How Can I Stop My Cat From Scratching the Furniture?
Understanding why your cat is scratching the furniture is key to putting a stop to it.
Every cat owner knows that cats love to scratch. They scratch when they stretch. They scratch when they play. With every scratch, they sharpen their claws, so they can scratch some more.
Maintaining a happy relationship with your cat, of course, requires finding ways to keep your cat from scratching your furniture. In this article, we will explain why cats love to scratch, along with some tips on what to do—and what not to do—to keep your furniture safe.
Why Do Cats Scratch?
In nature, cats can't get a pedicure at the vet. They are constantly finding rough objects, like tree bark, to wear down the frayed ends of their nails, so they can use their claws to capture prey and to defend themselves.
House cats can get their nails trimmed. They don't need to scratch to maintain useful nails. But veterinary science has discovered several other reasons for this common cat behavior.
- Cats scratch to escape danger. When a cat feels threatened, she bears her claws. Oddly enough, a cat can feel threatened by an inanimate object that holds odors the cat associates with danger or pain.
- Cats scratch to mark something as "mine." Cats have scent glands between their toes. Scratching identifies an object as owned by the cat. Keep that in mind the next time your cat kneads her claws on your lap!
- Cats scratch for exercise. Scratching gives cats a whole-body stretch. They raise up on their hind legs, stretch their midsection as they extrude their claws.
Cats also swat at other animals and people to say "I'm the boss." A well-socialized cat given lots of love and attention usually does not need to assert dominance. As long as scratching is directed at inanimate objects, such as the furniture, you can take easy measures to control it.
Taking a Behavioral Approach to Stopping Your Cat from Clawing Furniture
Every cat needs outlets for its instincts for scratching and marking. You can provide that outlet with a regular daily routine.
Combat Scratching with Playtime
Wild cats hunt their prey, then groom themselves, interact with other cats, and sleep, more or less in that order.
You can make meal time interesting for your cat by giving them some of their meals from a food dispenser toy. Your cat has to swat the toy or toss it in the air to get the food to come out, the same way a wild cat deals with prey. They get their food a few pieces at a time as a reward.
After your cat has finished eating is a good time to play with your cat. Let your cat burn off excess energy before it's time for grooming and a cat nap. Playing with your cat after a meal is positive reinforcement for good behavior.
Consider Your Cat's Anxiety Level
Cats scratch furniture when they are anxious. Your cat can temporarily become a fraidy cat for any number of reasons.
Maybe you adopted a second cat. Your older cat will want to communicate to the newcomer that his favorite places are off limits.
Maybe you adopted a dog. Your cat will want sharp claws, just in case.
Cats can become anxious as the result of something as simple as moving their litter box, or not changing it for a long time. But they are more likely to become anxious after physical punishment, repeated loud noises, unpleasant smells, or a visit to the vet. It is important to keep in mind that you should not reward your cat for scratching the furniture by treating her as "poor kitty" and giving her extra attention immediately after (within a minute) of doing what you don't want.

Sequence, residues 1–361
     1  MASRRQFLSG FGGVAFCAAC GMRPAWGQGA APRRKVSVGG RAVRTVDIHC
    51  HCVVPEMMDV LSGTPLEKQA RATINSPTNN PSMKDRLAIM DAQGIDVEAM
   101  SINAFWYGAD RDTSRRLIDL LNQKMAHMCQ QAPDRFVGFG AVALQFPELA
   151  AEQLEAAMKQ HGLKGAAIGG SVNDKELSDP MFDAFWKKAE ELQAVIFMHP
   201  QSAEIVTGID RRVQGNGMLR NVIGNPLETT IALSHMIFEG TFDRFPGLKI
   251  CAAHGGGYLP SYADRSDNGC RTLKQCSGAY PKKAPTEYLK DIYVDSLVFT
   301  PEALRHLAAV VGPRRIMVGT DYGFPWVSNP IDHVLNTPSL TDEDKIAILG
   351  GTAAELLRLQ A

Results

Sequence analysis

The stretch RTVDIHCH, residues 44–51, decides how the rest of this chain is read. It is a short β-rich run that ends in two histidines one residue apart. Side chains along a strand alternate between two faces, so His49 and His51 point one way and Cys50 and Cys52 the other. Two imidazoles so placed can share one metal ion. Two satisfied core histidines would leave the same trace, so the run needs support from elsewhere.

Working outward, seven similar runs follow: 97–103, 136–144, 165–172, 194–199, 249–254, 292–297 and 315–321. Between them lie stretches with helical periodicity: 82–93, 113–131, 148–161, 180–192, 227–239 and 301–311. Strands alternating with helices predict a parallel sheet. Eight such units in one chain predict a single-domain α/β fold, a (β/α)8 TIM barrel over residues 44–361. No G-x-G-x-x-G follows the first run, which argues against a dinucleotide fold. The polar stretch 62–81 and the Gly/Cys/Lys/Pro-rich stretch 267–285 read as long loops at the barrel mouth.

Cats are also more likely to scratch when a new human moves into the house. You can reduce this problem by introducing your cat to the new human member of your family by scent a day or two before introducing them face to face. Any kind of clothing or blanket touched by the new member of your family will carry their scent. You can give your cat a non-threatening introduction to their scent, and then let them get a cuddle as soon as your cat is no longer anxious.
What to Do When the Behavioral Approach Doesn't Work
The tried and true natural remedy for cats scratching furniture is the scratching post.
A scratching post is just what it sounds like. It is a pillar covered with rough fabric that a cat can scratch. Usually you would place it in front of the furniture you want to protect.
Some cats prefer square scratching posts that allow them to scratch with both paws at the same time. Cats like to leave their mark on their scratching post. Loose fabric is more attractive to your cat than tight (more durable) fabric.
For best results, lure your cat to the scratching post by placing the food bowl, water bowl, and favorite toys nearby. A new product called Feliscratch® by Feliway combines pheromones, catnip, and a dye to attract cats. Use as directed on the scratching post.
You can also stop scratching with aversion therapy. Apply double-sided Sticky Paws® tape to your furniture to make scratching an unpleasant experience. Or, take advantage of the fact that cats don't like sudden motion or sounds by attaching a motion detector to a floor fan in front of your furniture. Cover favorite scratching areas with aluminum foil.
When all else fails, keep your cat out of the room with vulnerable furniture. The one thing you should not do is to have your cat declawed. In some cities, the procedure is unlawful, and losing claws robs your cat of his best line of defense he or she has, including the ability to climb outdoors.